How should a non-Christian society celebrate Thanksgiving?

In our culture, we make Thanksgiving about enjoying life’s blessings more than really thanking God for them. To continue to call the day “thanksgiving” in a secular culture doesn’t make a lot of sense.

So why did one famous Christian talk about thanksgiving every time he was talking about theology with non-religious people?

In the Bible, Acts 14 records the Apostle Paul’s unusual encounter with the ancient city of Lystra. Paul was trying to explain who Jesus is, but the audience becomes so enthralled with Paul’s eloquence that they start worshipping him as a god. There’s a major disconnect in Lystran thinking—they believe in a pantheon of cranky gods who demand sacrifices from us, whereas Paul is explaining the true God sacrificed himself to save us.

So how does Paul plead with them to stop? Thanksgiving.

“Men, why are you doing these things? We also are men, of like nature with you, and we bring you good news, that you should turn from these vain things to a living God, who made the heaven and the earth and the sea and all that is in them. In past generations he allowed all the nations to walk in their own ways. Yet he did not leave himself without witness, for he did good by giving you rains from heaven and fruitful seasons, satisfying your hearts with food and gladness.” (Acts 14:15-17, emphasis added)

In other words: there’s one God who provides for all mankind, giving us heartbeats and harvest times. We can’t impress him with our sacrifices, just like you guys are trying to impress me by sacrificing to me as some sort of god. God is the one who provides for us. Aren’t you thankful?

Then, in Acts 17, Paul preaches to a similar group in Athens. The Athenian religion was so expansive that it even had a place for worshipping “the unknown god” just in case somebody missed one (Acts 17:23). Again, that’s way different from Paul’s worldview. So he says:

“The God who made the world and everything in it, being Lord of heaven and earth, does not live in temples made by man, nor is he served by human hands, as though he needed anything, since he himself gives to all mankind life and breath and everything.” (Acts 17:24-25, emphasis added)

Keep in mind, Paul isn’t preaching any hidden religious mysteries. He is explaining what is obvious to anyone who on this planet. We are all dependent on a higher power, an ultimate reality, our Creator, God. And that God doesn’t need us; we need him.

Finally, another part of the Bible basically records a fuller version of Paul’s message for non-religious audiences. Again, Paul makes it about thanksgiving:

“For what can be known about God is plain to (man), because God has shown it to them. For his invisible attributes, namely, his eternal power and divine nature, have been clearly perceived, ever since the creation of the world, in the things that have been made. So they are without excuse. For although they knew God, they did not honor him as God or give thanks to him, but they became futile in their thinking, and their foolish hearts were darkened. Claiming to be wise, they became fools, and exchanged the glory of the immortal God for images resembling mortal man and birds and animals and creeping things.” (Romans 1:19-23, emphasis added)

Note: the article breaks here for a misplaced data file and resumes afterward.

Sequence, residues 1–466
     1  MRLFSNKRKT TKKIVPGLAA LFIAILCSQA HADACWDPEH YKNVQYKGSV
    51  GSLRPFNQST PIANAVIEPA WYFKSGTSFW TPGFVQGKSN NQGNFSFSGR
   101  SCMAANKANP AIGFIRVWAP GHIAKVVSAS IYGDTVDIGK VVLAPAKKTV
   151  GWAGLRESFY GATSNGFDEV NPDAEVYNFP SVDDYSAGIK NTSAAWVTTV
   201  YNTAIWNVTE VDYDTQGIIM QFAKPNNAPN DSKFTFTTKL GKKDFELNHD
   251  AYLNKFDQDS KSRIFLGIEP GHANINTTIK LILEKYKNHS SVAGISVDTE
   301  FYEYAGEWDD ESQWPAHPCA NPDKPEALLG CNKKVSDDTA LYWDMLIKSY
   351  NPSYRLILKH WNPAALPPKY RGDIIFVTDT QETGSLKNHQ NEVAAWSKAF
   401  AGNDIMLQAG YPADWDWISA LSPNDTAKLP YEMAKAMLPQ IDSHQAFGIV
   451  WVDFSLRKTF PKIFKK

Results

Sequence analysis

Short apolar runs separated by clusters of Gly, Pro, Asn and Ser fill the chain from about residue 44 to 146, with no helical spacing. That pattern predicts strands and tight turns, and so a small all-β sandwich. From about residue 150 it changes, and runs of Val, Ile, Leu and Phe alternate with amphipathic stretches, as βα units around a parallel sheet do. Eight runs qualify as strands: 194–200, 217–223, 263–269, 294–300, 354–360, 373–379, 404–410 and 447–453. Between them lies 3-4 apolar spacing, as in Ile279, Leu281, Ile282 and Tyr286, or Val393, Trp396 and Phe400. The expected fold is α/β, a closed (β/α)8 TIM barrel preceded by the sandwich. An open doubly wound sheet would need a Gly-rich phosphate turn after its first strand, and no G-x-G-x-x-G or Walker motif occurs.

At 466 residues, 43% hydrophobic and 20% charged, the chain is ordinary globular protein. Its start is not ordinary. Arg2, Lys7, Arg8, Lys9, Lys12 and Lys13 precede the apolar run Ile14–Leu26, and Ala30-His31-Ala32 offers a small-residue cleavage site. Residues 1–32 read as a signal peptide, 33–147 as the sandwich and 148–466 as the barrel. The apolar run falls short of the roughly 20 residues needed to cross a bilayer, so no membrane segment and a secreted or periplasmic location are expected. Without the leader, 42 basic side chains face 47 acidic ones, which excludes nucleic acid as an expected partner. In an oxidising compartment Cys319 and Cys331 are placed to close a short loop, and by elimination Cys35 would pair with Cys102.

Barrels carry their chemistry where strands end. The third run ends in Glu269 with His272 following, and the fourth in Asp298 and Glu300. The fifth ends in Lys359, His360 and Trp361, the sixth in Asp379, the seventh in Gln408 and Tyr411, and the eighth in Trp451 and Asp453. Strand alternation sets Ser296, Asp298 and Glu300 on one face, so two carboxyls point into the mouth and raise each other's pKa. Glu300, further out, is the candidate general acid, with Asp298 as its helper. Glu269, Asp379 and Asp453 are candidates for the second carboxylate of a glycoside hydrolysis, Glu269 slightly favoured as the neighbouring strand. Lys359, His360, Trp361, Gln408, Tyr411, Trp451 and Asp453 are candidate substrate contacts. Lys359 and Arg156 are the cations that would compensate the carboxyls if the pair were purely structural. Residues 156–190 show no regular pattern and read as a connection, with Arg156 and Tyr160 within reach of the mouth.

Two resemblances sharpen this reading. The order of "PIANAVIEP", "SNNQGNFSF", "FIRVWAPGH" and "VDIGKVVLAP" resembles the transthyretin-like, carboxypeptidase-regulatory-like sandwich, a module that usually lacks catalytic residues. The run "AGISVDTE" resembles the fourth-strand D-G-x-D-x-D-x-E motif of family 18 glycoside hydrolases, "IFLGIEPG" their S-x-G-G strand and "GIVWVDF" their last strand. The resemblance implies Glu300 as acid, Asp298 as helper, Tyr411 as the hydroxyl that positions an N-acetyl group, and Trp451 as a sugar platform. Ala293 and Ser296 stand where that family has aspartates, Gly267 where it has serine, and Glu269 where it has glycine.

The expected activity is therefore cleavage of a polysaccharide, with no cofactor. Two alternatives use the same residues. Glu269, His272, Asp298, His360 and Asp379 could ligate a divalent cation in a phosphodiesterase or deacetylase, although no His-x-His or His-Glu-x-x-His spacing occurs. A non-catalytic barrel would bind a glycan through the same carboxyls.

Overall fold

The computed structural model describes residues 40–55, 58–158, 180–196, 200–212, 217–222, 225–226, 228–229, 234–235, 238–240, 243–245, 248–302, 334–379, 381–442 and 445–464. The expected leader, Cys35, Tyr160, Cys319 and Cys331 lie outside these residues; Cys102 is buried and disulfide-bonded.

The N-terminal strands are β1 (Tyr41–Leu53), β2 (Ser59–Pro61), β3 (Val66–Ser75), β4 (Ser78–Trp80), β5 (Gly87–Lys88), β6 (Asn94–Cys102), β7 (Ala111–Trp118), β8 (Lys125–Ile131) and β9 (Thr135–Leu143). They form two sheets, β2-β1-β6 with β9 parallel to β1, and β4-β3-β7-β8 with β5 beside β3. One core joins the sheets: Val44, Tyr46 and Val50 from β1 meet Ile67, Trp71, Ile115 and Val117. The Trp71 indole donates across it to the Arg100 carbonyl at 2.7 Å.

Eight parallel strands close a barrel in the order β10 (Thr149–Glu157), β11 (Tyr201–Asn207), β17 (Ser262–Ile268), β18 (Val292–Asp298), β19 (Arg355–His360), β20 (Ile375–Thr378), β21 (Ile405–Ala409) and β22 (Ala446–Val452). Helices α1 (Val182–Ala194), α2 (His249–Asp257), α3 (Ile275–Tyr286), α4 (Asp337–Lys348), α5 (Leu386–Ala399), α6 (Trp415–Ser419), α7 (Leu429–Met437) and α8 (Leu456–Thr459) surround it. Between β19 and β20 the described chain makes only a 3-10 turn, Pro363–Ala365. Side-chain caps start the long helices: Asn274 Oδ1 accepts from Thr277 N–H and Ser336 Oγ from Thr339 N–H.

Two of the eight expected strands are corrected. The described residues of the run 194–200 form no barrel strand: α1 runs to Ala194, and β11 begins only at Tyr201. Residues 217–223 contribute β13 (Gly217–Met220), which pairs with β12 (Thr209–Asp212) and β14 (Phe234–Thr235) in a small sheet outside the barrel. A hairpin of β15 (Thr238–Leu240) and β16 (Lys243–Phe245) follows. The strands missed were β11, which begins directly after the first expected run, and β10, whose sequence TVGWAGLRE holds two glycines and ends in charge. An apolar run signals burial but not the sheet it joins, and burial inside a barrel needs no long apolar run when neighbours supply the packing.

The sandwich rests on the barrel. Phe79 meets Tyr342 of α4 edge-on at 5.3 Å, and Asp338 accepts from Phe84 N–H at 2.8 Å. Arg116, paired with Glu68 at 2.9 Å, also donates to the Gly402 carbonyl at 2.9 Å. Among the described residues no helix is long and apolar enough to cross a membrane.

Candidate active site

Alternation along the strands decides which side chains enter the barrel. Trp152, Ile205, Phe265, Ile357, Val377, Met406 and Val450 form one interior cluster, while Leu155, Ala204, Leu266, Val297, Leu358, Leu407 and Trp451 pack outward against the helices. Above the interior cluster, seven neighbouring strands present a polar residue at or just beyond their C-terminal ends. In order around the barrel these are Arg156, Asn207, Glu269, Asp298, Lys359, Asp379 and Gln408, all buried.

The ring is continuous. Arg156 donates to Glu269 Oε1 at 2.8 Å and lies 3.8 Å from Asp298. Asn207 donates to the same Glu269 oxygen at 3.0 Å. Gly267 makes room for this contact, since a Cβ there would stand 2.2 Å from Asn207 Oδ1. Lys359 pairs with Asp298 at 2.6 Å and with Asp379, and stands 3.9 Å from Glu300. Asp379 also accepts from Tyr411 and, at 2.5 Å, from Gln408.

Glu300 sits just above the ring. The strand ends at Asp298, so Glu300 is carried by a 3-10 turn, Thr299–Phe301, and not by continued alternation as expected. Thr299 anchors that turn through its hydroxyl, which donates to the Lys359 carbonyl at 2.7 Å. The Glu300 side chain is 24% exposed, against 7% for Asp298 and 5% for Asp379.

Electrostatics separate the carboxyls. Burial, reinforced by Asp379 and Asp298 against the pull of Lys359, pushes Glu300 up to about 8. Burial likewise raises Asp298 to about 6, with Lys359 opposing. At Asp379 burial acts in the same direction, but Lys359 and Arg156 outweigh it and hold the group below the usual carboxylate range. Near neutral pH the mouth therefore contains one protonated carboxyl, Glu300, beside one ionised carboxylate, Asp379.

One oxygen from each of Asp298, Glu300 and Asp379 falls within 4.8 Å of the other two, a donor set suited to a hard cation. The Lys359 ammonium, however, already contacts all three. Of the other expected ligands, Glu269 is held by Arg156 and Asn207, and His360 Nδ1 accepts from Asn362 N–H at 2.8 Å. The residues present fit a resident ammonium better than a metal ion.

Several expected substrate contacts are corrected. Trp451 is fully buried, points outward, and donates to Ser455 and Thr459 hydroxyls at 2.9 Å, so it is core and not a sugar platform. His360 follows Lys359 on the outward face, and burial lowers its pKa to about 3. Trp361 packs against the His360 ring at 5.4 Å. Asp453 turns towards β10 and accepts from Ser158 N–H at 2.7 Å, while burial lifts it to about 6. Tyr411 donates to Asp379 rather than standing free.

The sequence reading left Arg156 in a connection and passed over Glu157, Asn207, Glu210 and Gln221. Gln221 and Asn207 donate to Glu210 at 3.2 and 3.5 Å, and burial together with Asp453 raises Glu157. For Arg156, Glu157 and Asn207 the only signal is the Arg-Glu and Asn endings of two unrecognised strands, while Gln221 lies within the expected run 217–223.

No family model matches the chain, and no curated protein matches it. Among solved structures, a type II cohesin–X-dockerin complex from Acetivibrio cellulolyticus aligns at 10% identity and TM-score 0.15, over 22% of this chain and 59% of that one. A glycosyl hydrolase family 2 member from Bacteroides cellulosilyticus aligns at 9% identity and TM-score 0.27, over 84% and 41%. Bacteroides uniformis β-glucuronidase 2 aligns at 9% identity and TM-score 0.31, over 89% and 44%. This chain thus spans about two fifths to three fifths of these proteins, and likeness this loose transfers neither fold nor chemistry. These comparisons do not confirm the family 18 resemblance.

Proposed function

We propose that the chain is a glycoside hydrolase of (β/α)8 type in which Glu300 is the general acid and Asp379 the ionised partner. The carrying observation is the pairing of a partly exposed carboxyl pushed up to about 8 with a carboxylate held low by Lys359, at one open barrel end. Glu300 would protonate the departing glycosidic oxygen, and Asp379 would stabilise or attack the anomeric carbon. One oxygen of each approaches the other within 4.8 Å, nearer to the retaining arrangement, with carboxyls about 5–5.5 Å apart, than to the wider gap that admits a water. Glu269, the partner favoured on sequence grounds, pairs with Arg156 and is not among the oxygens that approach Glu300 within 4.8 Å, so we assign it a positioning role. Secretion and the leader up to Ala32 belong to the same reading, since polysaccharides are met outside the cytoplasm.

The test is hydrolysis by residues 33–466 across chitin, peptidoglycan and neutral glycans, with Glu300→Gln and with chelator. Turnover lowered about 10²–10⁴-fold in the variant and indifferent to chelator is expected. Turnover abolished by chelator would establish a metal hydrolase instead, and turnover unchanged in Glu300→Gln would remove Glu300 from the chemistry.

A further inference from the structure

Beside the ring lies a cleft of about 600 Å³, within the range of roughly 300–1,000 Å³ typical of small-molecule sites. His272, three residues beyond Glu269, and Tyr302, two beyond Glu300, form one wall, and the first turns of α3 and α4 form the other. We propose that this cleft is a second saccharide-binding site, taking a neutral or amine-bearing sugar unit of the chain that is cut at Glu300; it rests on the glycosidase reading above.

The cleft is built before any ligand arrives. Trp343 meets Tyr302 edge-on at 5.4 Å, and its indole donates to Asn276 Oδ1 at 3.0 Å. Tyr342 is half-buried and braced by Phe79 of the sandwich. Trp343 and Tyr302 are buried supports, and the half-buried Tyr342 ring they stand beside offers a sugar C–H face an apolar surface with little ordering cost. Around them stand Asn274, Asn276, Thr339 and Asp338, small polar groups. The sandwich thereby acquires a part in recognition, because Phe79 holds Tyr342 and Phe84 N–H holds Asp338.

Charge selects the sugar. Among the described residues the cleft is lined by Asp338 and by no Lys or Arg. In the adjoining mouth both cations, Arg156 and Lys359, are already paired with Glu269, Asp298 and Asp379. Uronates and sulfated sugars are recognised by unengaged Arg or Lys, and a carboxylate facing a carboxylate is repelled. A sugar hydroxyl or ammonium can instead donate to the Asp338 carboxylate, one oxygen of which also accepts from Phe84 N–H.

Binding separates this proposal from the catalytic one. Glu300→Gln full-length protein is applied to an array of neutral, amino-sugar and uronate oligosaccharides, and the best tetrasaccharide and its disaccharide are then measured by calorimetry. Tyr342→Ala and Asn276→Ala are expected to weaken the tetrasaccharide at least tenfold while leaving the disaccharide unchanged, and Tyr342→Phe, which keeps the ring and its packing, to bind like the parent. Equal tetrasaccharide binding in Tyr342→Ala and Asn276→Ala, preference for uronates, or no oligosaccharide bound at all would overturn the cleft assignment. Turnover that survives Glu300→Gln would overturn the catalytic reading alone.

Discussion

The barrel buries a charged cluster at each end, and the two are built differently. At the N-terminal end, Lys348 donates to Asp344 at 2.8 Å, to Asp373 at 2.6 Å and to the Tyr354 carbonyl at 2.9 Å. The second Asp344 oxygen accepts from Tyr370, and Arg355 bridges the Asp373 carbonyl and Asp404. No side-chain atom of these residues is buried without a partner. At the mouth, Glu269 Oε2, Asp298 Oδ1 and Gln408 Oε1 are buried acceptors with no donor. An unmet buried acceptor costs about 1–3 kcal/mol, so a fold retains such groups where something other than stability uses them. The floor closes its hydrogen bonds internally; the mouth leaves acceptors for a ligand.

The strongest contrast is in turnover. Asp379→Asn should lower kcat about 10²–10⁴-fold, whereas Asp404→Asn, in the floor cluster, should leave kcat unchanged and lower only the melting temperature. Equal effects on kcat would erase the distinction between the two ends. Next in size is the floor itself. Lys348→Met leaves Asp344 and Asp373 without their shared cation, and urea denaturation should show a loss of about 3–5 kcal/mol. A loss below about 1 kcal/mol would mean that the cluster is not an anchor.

So what why should thanksgiving make sense to non-religious people?

1. Thanksgiving reminds us that God is real.

Thanksgiving doesn’t prove God exists. But it does target our intuition—the deep-down knowledge that God deserves our gratitude.

That’s why Paul wrote, “his invisible attributes, namely, his eternal power and divine nature, have been clearly perceived, ever since the creation of the world” (Romans 1:20). Nature is enough proof that he is real. God gives us all food, land, air, water—our entire existence. We are wholly dependent on him.

So why are there atheists? Answer: a lack of thanksgiving.

If you want to feel like God is far away—so far away that he might not even exist—it may be because you’re ungrateful. You thank waitresses, cashiers, and people who hold the door open, but you’ve never really thought about everything God provides.

Think about how often your heart beats. Ba-bum. Ba-bum. Ba-bum. You can’t control it. It wouldn’t take very much to make it stop beating, yet it has kept up your entire life.

Try holding your breath for a minute. Good luck! Within a few seconds, you’ll start feeling more thankful for air. Did you make air? Did you create your lungs? Nope.

God doesn’t just keep our bodies running; he also holds together the very fabric of reality. Paul quoted the Athenians’ own poetry when he told them, “In him we live and move and have our being” (Acts 17:28). Paul also wrote that Christ, who is God in human form, “is before all things, and in him all things hold together” (Colossians 1:17). Someone else in the Bible wrote that Christ “upholds the universe by the word of his power” (Hebrews 1:3).

A true thanksgiving mindset makes it difficult to remain an atheist.

Yet Paul explains, “For although they knew God, they did not honor him as God or give thanks to him, but they became futile in their thinking, and their foolish hearts were darkened” (Romans 1:21, emphasis added).

2. Thanksgiving displays God’s goodness.

Why do people generally believe God is good when life is good, but doubt his existence when life is hard? It’s because deep inside, we know that if God is real, he is also good. When we don’t experience goodness, we start thinking God is somehow missing.

Thanksgiving helps us see God objectively. We get a more accurate picture of him by focusing on his goodness as one of his grandest character traits. It even makes us want him.

Contrast your attitude with the attitude of David, who wrote Psalm 16: “You are my Lord; I have no good apart from you” (Psalm 16:2). No good apart from God, David? What about food and sex? Wow.